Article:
After a 50 year hiatus this comes as a bit of a shock, since the company went defunct in 1963. Saroléa is one of Belgium’s oldest motorcycle companies and is seeking to reinvent itself with a new electric superbike.
New Jersey newspaper The Record is reporting that Mission Motorcycles, maker of the soon-to-be-released Mission RS and Mission R electric motorcycles, has filed a lawsuit against one of the company’s co-founders, Vincent Ip.
In its lawsuit filed with the U.S. District Court in New Jersey, Mission Motorcycles asserts that Ip must relinquish stock in the EV startup, pursuant to a stock restriction agreement the Ip signed with fellow co-founders Mark Seeger and Andrew Ng.
The Voxan brand has been reborn, this time with Gildo Pastor, the billionaire Monégasque man behind the Venturi automobile project. Building off of his experience with Venturi’s use of electric drivetrains, Pastor has revived the Voxan brand to bring electric motorcycles to market, thus making good on his promise in 2010 to bring an electric to market within three years.
The Voxan Wattman, the company’s first new model, has just broken cover at the Paris Auto Show, and the machine sports a power cruiser form factor with some eye-catching specs. At the Wattman’s core is a liquid-cooled 200hp permanent magnet motor that is also good for 147 lbs•ft of torque at 6,000 rpm.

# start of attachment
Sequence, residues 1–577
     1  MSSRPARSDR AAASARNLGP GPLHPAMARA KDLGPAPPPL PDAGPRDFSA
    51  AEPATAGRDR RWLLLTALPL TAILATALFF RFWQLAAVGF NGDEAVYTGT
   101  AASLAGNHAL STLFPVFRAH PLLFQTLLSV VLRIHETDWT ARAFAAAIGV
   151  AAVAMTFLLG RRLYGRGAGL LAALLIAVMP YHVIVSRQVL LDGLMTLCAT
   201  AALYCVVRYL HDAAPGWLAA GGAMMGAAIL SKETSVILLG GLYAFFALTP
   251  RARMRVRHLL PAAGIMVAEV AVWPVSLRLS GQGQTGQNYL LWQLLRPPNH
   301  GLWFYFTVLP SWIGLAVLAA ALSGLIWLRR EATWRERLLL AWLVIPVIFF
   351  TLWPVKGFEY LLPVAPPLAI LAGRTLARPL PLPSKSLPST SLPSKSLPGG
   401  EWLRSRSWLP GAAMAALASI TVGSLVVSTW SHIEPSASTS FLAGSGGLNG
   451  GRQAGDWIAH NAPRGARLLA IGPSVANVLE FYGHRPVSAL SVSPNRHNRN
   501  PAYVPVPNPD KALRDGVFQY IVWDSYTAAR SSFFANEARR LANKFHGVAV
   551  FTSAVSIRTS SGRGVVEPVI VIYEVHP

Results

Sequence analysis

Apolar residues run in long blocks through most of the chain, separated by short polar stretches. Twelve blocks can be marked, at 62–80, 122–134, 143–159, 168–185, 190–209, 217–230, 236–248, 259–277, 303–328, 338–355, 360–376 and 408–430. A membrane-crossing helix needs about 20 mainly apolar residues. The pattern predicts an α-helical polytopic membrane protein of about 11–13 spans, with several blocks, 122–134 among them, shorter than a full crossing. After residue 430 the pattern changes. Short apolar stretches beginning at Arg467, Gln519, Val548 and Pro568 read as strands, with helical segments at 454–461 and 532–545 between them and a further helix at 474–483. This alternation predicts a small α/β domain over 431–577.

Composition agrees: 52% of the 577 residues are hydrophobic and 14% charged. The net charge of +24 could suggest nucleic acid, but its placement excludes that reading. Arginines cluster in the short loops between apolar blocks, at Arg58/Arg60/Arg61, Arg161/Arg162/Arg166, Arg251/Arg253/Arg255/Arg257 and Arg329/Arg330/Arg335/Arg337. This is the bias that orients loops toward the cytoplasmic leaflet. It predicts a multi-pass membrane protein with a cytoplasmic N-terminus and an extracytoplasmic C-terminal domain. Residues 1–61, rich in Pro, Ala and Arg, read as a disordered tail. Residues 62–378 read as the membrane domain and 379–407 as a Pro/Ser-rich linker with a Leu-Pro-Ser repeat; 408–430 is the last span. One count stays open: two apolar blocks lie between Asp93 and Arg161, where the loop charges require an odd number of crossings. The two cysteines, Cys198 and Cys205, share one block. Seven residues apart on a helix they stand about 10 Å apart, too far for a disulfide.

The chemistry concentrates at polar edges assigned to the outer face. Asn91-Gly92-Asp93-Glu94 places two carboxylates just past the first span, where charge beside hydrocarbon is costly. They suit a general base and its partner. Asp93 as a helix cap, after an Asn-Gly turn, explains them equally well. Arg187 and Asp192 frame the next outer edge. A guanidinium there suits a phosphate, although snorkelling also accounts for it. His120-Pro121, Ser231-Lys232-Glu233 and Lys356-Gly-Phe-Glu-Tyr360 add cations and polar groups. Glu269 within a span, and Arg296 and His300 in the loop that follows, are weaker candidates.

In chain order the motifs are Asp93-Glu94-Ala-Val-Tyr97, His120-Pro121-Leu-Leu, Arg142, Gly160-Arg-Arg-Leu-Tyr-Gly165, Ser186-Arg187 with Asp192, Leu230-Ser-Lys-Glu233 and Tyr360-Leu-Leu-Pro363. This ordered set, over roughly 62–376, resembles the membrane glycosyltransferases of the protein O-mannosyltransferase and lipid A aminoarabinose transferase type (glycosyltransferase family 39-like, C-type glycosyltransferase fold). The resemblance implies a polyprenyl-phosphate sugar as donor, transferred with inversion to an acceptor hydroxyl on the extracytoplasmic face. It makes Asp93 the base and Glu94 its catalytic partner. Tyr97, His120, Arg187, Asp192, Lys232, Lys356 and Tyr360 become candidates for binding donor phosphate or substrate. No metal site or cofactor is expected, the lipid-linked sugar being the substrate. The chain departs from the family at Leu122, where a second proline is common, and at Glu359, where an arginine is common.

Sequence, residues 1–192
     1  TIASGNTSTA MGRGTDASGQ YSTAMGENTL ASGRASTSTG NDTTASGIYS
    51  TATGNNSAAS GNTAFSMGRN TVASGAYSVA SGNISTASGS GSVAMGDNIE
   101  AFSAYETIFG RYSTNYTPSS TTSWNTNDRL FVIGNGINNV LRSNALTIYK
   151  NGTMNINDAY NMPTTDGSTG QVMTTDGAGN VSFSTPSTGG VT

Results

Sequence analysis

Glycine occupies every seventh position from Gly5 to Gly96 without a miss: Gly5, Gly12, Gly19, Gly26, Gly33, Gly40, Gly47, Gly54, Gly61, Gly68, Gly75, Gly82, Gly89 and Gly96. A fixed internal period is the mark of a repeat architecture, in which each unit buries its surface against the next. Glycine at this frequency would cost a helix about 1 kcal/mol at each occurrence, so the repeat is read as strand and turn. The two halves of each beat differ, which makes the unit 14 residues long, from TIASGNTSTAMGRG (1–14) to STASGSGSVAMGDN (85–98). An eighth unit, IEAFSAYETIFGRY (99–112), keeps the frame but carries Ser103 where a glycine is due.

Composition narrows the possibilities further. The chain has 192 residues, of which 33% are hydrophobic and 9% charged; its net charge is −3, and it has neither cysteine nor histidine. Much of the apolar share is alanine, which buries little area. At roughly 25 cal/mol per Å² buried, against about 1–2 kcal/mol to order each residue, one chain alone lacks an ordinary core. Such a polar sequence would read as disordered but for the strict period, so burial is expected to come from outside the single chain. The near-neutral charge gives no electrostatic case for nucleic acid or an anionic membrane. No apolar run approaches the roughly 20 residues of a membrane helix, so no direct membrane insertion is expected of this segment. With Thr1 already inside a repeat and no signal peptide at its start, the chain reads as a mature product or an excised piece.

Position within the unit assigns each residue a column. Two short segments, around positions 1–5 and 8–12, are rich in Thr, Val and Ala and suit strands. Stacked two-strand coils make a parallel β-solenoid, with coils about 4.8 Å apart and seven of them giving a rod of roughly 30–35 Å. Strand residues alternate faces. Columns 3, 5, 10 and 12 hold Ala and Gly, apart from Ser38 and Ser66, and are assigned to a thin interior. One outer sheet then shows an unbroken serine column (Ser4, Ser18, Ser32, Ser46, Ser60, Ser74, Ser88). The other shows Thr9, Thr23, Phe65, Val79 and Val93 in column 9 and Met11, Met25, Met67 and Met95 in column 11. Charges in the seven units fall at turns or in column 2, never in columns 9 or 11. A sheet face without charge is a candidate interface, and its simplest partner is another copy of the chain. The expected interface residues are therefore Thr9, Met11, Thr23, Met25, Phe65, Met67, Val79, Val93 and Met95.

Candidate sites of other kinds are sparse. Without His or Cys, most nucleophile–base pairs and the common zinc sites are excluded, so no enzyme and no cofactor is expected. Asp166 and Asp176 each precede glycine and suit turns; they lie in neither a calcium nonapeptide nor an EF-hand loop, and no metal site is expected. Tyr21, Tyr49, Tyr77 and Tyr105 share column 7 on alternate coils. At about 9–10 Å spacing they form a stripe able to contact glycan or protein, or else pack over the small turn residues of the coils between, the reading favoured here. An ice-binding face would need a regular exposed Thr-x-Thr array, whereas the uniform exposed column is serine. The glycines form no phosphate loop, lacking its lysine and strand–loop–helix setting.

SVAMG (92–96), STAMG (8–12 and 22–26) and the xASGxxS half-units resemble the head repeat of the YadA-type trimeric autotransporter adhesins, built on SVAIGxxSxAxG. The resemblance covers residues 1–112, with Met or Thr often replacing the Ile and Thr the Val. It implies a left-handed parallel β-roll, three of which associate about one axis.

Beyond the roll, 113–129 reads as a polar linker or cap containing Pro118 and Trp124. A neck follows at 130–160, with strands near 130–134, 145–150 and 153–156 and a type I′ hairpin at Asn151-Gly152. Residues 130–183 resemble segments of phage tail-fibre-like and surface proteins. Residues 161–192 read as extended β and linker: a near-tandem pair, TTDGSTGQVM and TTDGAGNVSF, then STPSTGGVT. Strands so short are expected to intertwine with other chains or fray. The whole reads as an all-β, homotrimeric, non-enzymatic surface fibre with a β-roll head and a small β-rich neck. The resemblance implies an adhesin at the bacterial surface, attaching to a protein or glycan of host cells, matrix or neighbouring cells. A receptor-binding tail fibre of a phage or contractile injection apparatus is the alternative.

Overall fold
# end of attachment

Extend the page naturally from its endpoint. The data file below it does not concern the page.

Coming with ABS, traction control, and Beringer four-disc front brakes as standard, Voxan also quotes a 12.8 kWh lithium-ion battery pack as well. Visually hefty with its 240mm rear tire, the Voxan Wattman tips the scales at a portly 771 lbs — that number is not a typo.
A brand better known for trotting out the same “timeless” designs each year, Suzuki seems to be finally waking up from its recession-induced slumber, and debuted two intriguing motorcycle concepts at the Tokyo Motor Show.
We already showed you today more photos of the turbocharged Suzuki Recursion street bike concept (please Suzuki, build this bike), and the Japanese OEM has shown a shining for the budding electric segment as well.
The Suzuki Extrigger electric concept is an interesting machine, as its form factor is very similar to the Honda Grom. Using the same electric motor as the company’s Suzuki E-Let’s scooter, we can assume that the Extrigger is packing the same unimpressive figures of 2hp and 11 lbs•ft of torque as the E-Let, though Suzuki does say that the Extrigger weighs a paltry 137 lbs, which is alluring.
Did you enjoy all our FIM eRoadRacing World Cup coverage this year? No, you didn’t miss our postings, because we didn’t mention any of the rounds on A&R. You see, it is hard to get excited about the newly minted eRoadRacing World Cup, which in the United States has been dominated by a single brand, Brammo.
While the Isle of Man’s TT Zero event continues to make headway, both in competitive entries and close racing, the newly merged racing efforts from the previously competing FIM and TTXGP series has foundered — even in its new cooperative form.
At the center of the problem is probably a variety of issues: too much too soon, not enough commitment from OEMs, and a poor racing spectacle, which is why this week’s latest news on the e-racing front is a bit of a disappointment as well: the 2013 FIM eRoadRacing World Cup finale has been cancelled.